American Heart Association (AHA) President Robert A. Harrington says that the life expectancy has gone up in recent years. Still, he points out, improved life expectancy doesn’t translate to improved health in all cases. According to him, “Not all those years are healthy ones as the effects of chronic illnesses are increasingly impacting the quality of life of people at a much younger age than in the past.”
The response to these uncomfortable statistics by the AHA is an advisory by its President, published in the journal Circulation , that recommends goals towards which national and international health-related organizations and ministries should strive. These are titled the 2030 Impact Goals, and the aim is to empower healthy living for a larger part of the lifespan, for all people in the US and in the world. Image Credit: Olha Tytska / Shutterstock The challenge
A new report from the AHA– the Heart & Stroke Statistics - 2020 Update – shows an encouraging drop in the number of deaths occurring as a result of stroke and heart disease (clubbed together as (CVD). However, it also reveals that the slope of this downturn has become shallower in the last few years.
A more disconcerting finding is that after almost 100 years of effort to improve cardiovascular health, including the prevention and control of heart disease and stroke, better medical treatments and more healthy lifestyles and behaviors, poor health is currently more prevalent and is beginning younger, due to the poor management of risk factors for CVD. It is against this background that the Impact Goals are to be seen.
The US Goal may be stated as an increase in the number of healthy years of life that can be expected from the current 66 years to 68 years or more by 2030, in an equitable manner.
The International Goal is an increase in worldwide expectancy of healthy years of life from the current 64 years to 67 or more years by 2030, in an equitable manner. How to monitor progress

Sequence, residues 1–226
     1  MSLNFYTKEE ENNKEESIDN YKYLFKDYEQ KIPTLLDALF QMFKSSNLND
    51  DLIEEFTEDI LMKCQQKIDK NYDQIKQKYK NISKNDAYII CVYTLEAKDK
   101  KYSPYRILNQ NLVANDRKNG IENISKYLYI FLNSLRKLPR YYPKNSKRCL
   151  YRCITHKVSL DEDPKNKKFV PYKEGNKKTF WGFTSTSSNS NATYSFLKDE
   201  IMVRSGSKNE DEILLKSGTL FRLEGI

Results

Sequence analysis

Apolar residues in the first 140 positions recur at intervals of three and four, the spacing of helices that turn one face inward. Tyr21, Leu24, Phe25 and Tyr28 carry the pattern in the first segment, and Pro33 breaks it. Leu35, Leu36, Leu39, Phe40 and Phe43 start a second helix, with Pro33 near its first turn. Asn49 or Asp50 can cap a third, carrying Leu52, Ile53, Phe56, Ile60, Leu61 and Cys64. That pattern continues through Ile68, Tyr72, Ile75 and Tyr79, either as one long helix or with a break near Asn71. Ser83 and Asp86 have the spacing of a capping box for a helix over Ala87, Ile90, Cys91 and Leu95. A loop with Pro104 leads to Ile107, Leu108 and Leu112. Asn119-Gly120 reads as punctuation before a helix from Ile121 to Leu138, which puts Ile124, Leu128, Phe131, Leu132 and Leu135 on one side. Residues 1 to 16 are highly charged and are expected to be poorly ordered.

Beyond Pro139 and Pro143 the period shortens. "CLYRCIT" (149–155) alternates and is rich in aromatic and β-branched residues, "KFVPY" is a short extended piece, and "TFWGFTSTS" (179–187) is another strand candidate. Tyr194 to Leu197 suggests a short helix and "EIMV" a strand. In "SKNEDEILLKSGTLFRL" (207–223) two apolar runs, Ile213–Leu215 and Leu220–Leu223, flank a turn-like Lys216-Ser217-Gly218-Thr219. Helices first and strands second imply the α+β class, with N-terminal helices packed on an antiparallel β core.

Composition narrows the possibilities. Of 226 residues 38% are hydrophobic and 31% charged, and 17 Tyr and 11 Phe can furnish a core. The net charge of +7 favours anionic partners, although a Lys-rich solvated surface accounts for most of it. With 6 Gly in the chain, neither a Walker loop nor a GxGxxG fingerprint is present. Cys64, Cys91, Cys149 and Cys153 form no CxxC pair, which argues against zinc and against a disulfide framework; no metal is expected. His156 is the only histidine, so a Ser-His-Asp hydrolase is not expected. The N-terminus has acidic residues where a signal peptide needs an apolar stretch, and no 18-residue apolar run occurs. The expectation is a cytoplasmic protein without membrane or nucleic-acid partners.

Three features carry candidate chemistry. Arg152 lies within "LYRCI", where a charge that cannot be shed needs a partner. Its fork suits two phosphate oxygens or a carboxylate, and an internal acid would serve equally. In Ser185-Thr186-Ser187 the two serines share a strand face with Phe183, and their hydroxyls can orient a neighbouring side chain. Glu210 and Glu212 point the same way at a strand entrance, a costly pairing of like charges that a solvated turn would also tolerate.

The advisory recommends the use of the health measure called the Health-Adjusted Life Expectancy (HALE) metric, also called Healthy Life Expectancy, which assesses the number of healthy years an individual may expect to live. This includes the impact of physical and mental health conditions and captures the overall state of health over the whole lifetime of the person depending on the environmental and other risk factors. Positive and negative trends
All over the USA, adults are becoming more active, eating healthier food, smoking less, and have better control of their cholesterol. However, at the same time, other areas are showing a negative trend. Young people are showing unhealthy trends which means that the generations of the future will be at higher risk for greater major health issues. Obesity: About 40% of adults and 19% of young people are obese and the rates are rising Exercise and physical activity: Not even one in three students have a physical education class every day. Only about a quarter (26%) are moderately or vigorously physically active every day. High blood sugar: Over the period 1990 to 2017, despite a wealth of glucose-regulating drugs and equipment, there has been an increase in the number of diabetic males by 130%, which means their number has more than doubled; for women it is slightly less, but still more than double the previous number, at 121%. Smoking: The rate of smoking in the US is at an all-time low for adolescents and has also decreased among adults. However, more and more youngsters are taking to vaping, and globally, there were over 930 million smokers in 2015, higher than before. When demarcated by sex, income and location, it is found that 80% or more of smokers are in the less industrialized and less developed countries of the world, and most are male. Related Stories
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